Editor’s Note: This post is not intended as medical advice. Always consult a medical professional or physician before treatment of any kind.
In the past few years, the issue of postpartum depression has come into the spotlight more than ever before, thanks to the many brave mothers who have opened up about their own struggles, and an overall increase in media coverage. This rise in social awareness has been pretty incredible to watch, particularly because postpartum depression — while more common than people realize — often carries with it a fair amount of stigma. Even now, as it’s been pushed to the forefront of our conversations about parenthood, many mothers still feel ashamed to admit that they’re having a problem, and don’t seek out appropriate treatment.
But according to a new study published in JAMA Pediatrics, we may have been neglecting to realize that it’s not just moms who are suffering. It turns out, dads experience symptoms of postpartum depression in almost exactly the same frequency as moms, experts say.
Now, I know that when this topic comes up, there are bound to be a few skeptics. After all, dads aren’t the ones growing babies in their body for nine whole months, and then being flooded with a roller-coaster of raging hormones once they give birth. They also aren’t dealing with breastfeeding issues, potential birth trauma, and the physical and emotional recovery of those postpartum weeks and months.
But no one is saying that dads have it just as tough as moms do from a physical or hormonal standpoint — just that they are more likely than we thought to experience signs of depression when they become dads. In fact, according to this new research, dads report symptoms of postpartum depression in virtually the same exact numbers as moms do.
The study, carried out by researchers from Indiana University School of Medicine, looked at postpartum assessment surveys filled out by moms and dads at over 9,500 pediatric health centers as the parents took their babies and toddlers in for visits.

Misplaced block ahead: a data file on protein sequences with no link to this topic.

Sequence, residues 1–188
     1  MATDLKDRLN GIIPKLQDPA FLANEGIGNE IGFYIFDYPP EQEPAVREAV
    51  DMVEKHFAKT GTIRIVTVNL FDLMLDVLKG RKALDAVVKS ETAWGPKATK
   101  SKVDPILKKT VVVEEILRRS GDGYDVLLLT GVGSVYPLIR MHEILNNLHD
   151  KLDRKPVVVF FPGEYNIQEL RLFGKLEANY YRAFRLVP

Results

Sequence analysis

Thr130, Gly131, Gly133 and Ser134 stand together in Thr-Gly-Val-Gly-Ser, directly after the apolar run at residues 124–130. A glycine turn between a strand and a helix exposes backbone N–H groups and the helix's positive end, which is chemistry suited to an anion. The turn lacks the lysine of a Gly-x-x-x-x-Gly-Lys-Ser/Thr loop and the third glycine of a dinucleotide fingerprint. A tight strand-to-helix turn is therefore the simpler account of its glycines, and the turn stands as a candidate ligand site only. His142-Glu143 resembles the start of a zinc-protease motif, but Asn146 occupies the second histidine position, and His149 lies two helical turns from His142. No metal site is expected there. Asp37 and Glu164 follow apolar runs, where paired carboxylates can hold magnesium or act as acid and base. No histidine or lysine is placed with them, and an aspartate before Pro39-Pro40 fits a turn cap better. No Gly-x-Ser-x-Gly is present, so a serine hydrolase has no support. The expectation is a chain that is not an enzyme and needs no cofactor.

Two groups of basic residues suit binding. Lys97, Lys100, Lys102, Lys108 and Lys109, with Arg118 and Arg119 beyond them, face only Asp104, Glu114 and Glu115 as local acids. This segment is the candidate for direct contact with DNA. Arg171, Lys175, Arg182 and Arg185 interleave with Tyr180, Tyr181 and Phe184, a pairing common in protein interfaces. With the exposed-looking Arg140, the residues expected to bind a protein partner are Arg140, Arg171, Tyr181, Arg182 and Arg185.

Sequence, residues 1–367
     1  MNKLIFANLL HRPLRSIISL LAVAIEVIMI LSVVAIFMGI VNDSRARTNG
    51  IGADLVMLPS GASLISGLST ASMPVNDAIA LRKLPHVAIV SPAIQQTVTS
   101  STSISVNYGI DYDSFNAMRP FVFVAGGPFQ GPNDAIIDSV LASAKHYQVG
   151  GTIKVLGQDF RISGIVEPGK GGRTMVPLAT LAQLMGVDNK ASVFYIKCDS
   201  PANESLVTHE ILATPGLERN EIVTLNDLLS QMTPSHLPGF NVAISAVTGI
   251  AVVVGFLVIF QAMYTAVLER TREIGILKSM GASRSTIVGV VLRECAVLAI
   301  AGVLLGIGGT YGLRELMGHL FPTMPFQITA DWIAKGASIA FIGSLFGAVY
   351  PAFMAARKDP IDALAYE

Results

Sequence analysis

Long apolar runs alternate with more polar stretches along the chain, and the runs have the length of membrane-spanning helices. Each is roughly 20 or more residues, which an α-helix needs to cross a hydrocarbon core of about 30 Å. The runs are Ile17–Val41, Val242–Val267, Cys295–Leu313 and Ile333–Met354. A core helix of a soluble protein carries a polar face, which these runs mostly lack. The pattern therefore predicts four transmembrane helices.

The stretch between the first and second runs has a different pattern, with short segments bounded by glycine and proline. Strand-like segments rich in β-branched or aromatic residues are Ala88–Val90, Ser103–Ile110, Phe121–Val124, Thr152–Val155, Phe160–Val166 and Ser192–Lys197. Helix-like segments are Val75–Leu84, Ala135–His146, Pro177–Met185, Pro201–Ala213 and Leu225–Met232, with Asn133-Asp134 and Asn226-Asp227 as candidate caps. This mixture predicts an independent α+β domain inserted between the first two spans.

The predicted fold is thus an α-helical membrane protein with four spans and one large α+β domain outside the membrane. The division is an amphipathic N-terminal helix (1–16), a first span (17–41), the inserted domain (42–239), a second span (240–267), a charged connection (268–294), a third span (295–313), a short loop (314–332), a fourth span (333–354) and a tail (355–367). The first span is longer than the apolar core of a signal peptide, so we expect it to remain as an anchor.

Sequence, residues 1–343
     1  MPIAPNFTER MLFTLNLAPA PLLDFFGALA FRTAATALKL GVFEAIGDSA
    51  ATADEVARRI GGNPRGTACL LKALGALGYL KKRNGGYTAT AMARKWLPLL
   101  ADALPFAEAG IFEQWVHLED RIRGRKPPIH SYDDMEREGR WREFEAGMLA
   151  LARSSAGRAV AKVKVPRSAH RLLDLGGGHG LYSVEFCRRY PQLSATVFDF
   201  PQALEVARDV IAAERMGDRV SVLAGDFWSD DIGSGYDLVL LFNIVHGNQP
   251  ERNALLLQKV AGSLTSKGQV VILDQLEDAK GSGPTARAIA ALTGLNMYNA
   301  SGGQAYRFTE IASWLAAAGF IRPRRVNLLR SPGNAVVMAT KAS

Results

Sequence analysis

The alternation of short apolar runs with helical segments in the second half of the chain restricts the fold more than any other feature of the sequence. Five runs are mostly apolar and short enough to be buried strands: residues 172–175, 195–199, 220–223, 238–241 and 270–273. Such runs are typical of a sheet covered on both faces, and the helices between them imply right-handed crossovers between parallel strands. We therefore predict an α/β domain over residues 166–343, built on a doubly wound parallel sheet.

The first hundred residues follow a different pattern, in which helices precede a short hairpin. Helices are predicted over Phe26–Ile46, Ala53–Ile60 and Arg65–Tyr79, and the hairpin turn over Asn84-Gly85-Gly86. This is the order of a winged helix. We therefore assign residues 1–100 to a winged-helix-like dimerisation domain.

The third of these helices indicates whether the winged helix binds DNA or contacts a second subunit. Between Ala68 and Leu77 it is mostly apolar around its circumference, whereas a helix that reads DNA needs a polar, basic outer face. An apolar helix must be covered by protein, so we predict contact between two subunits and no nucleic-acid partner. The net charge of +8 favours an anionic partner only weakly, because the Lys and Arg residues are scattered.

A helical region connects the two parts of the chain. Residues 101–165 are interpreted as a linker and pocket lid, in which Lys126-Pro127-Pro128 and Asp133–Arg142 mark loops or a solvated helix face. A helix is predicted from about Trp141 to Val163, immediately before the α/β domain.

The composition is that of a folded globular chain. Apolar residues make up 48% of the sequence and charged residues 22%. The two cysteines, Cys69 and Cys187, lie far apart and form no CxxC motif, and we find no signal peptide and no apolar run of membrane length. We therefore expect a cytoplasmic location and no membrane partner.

The vast majority of parents bringing their kids in for the visits were moms, but dads did bring their kids in a number of times, and these dads were all screened for PPD just as the mothers were. In the end, 4.4% of dads tested positive for PPD, as compared to 5% of moms who did.
The researchers point out that there were times when both parents brought their kids in, and in these cases, usually the mothers filled out the survey. So it’s actually possible that certain cases of PPD in dads were missed.
“We talk so much about gender discrimination in medicine and how women are often undiagnosed and undetected for the same disease or condition that men are. This is the opposite,” Dr. Jennifer Ashton, ABC News chief medical correspondent, explained in reference to the study. “We don’t have our radar up to detect postpartum depression in men and we need to.”
The study authors admit that more research needs to be done in this area, but that their study does highlight the fact that more dads experience signs of depression after having kids than we realize. Part of the problem, they say, is that dads simply aren’t aware that this could be an issue for them at all.
Additionally, Ashton tells ABC News, symptoms of PPD in men may appear differently than they do in women. Men externalize their symptoms, whereas women internalize them. (“They escape through activities that you can see,” she says.) These activities may include substance abuse, gambling, irritability, and angry outbursts.
Obviously, these are serious symptoms that should concern us all. After all, depression in dads can affect kids just as strongly as depression in moms can, researchers say. In addition to encouraging dads to open up more about their feelings, the study authors are also encouraging all heath care providers to screen dads for PPD, just as they screen moms. An AAP paper from 2011 encourages this screening as well.
Believe it or not, this isn’t the first study to have linked dads with PPD in recent memory. Back in 2016, a groundbreaking report from the University of Massachusetts’ Journal of Parent and Family Mental Health found that anywhere from 4-25% of new dads experience postpartum depression at some point during the first three to six months after their babies are born.
So the question is: Why aren’t we talking about it more?
I can’t speak for all families out there, but I personally noticed symptoms of PPD in my own husband after the birth of our second child. At the time, we both brushed them off as and blamed them on a few bumpy weeks with a newborn at home. Looking back, though, I wish he had looked into counseling or other treatment, because the depression didn’t go away as quickly as we’d hoped, and he suffered for too long during that time.
The bottom line is that we can’t neglect the mental health of anyone, especially during the vulnerable years of new parenthood. And we need to break down the roadblocks and myths surrounding people getting the proper help they need to heal. I hope studies like this open the door to do that.